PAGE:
The Revolutionary Reforms Of Peter The Great

Peter the Great (1672-1725) was one of the pivotal figures of Russian history.  His reforms were a product of his personality and his vision for what he wanted Russia to become; and sometimes in history, personality matters more than those vague “historical forces” that professional historians like to imagine as controlling the destinies of men.

Russia in his day was still half-barbarous.  To rule her he had to be an absolute monarch, and never for a moment doubted his right to be so.  His personal habits say much about him: he had little need for sleep, regularly working for fourteen hours (or more) per day.  Alcohol was considered, then as now, an acceptable escape from the drudgery of rule; but he knew when to limit his intake, and forbade his ministers from excessive consumption.  His sexual appetites were as normal as any man’s, but he showed little interest in the kind of conspicuous indulgence that characterized most of his contemporaries in western Europe.

He did make a point of choosing mistresses of lowly origin, rather than from titled families; he had no desire for intellectual competition in the bedroom.  When Frederick II of Denmark teased him about the type of women he chose, his response was “Brother, my women do not cost me much, but yours cost you thousands of crowns which might be better spent elsewhere.”

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He chose to spend most of his time in the city that bore his name, St. Petersburg.  He liked maritime affairs, and wanted to be near the sea.  He disliked the atmosphere of Moscow, with its abundance of clergy and freezing winters. It was the army that first felt the effect of his modernization programs.  Peter introduced conscription, a professional officer class, and defined periods of service; his naval program was less effective, and most of the vessels built during his reign were not of high quality.

He realized that he would never be able to make Russia into a great power unless he changed the mentality and outlook of the people.  And like many rulers before and after him, he underestimated just how difficult this task would prove to be.  After his death, many of his reforms were permitted to wither on the vine; but at least some tentative first steps had been made that future monarchs might draw inspiration from.  By imperial decree he banished beards in 1698 (an exception was made for the Orthodox Patriarch); this was a shocking step in a country where whiskers had become a symbol of piety and fidelity.  Those who insisted on keeping them could do so by paying an income-adjusted annual tax.  We are told that some distraught peasants obsessively saved their shaved facial hair, lest they incur some disfavor from the saints.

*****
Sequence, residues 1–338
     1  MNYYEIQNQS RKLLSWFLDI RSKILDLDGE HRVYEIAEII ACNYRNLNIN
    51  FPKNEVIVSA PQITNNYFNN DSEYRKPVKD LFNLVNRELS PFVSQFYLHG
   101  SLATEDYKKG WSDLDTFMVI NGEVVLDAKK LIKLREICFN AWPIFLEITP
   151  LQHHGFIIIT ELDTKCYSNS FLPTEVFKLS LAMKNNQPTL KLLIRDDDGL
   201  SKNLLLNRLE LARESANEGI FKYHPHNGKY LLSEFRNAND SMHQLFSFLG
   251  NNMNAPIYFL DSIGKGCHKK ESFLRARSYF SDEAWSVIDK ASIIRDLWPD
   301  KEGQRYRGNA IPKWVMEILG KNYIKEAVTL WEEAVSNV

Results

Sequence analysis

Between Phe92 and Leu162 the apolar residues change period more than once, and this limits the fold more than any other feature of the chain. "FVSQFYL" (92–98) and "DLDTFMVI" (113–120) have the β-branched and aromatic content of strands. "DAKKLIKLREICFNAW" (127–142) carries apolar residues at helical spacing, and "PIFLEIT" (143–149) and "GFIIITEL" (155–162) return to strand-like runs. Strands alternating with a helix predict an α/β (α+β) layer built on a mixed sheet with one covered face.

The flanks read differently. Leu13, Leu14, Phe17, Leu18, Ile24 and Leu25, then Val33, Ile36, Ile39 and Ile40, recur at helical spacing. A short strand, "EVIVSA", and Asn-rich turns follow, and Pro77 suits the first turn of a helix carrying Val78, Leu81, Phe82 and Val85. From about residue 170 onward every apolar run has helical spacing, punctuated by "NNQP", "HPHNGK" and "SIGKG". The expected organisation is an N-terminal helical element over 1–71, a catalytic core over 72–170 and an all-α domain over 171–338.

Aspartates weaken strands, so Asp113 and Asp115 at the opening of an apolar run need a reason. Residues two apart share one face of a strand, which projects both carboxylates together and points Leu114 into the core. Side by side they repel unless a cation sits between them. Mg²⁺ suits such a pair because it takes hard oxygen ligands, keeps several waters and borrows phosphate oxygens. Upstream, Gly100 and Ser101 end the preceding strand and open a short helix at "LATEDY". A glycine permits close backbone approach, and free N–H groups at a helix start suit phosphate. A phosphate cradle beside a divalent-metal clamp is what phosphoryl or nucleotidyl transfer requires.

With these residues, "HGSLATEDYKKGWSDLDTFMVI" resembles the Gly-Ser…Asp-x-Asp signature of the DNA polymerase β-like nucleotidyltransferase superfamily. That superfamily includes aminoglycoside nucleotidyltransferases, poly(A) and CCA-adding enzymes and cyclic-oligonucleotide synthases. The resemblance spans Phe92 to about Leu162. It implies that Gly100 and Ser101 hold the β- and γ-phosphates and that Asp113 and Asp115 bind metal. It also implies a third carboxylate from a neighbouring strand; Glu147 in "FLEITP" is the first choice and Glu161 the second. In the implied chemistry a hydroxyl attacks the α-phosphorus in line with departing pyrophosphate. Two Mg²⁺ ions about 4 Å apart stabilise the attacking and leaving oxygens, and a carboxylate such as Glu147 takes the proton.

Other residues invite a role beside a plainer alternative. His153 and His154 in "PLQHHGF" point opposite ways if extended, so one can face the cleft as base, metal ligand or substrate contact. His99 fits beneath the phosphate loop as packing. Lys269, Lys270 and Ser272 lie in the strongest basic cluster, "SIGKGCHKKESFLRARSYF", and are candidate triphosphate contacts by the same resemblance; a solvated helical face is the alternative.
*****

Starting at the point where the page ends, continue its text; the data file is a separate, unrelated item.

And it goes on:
But there was method to Peter’s apparent madness.  He understood that appearance and thought are connected, and that if a man wished to change one, he had to change the other.  In 1700 Peter decreed that all royal officials had to adopt Western-style clothing.  Trousers and cloaks were acceptable; caftans or overly “oriental” garb was not.  Like Kemal Ataturk two centuries later, he had no patience for backsliders or protesters, whom he swept aside ruthlessly.  In social relations, he ended for good the traditional practice of secluding women from public intercourse with men, a habit that had probably been an inheritance from the Mongols.

These reforms gained Peter some bitter enemies among the clergy.  For centuries the Russian ecclesiastic establishment had held a near monopoly on education and rural social life; Peter’s reforms threatened to erode this base, and they saw in him an implacable enemy of traditional belief.  They also suspected him of having had too much contact with western Europeans, a fact that–it seemed to them–made him nearly an atheist.  Peter did not help matters by openly mocking their rituals and folkways; as he saw matters, it was his responsibility to bring Russia up to par with the other advanced nations of the day, and resistance from obscurantist clerics could not be tolerated.

Peter solved this problem for a time by making himself the head of the Orthodox Church in 1700 when Patriarch Adrian died.  He did not appoint a successor, and went one step further in 1721 by abolishing the title of patriarch altogether.  In its place he formed a council of clerics that he himself would appoint; with this measure, the Church effectively became an arm of the state.  Ecclesiastical grumbling was audible, but Peter wisely refused to venture into disputes with the priests over religious doctrine.  He cared about power, not theology.

Slowly he made progress in industrialization.  This frankly could only be done with dictatorial power, and to this end he reorganized the traditional Russian boyar system.  In place of the old aristocracy, a new one arose that was based on military and civil function.  His rule saw some success in mining and textile work:  when Peter died in 1725, Russia was exporting iron, and state-sponsored factories made modest gains in cloth manufacture.  Protective tariffs were used to shelter the new industries from suffocating foreign competition.To pay for all this, Peter unashamedly taxed everyone in his realm to the limits of their tolerance.  State tax revenues rose from 1.4 million rubles in 1680 to 8.5 million in 1724.  The majority of this revenue went to the military.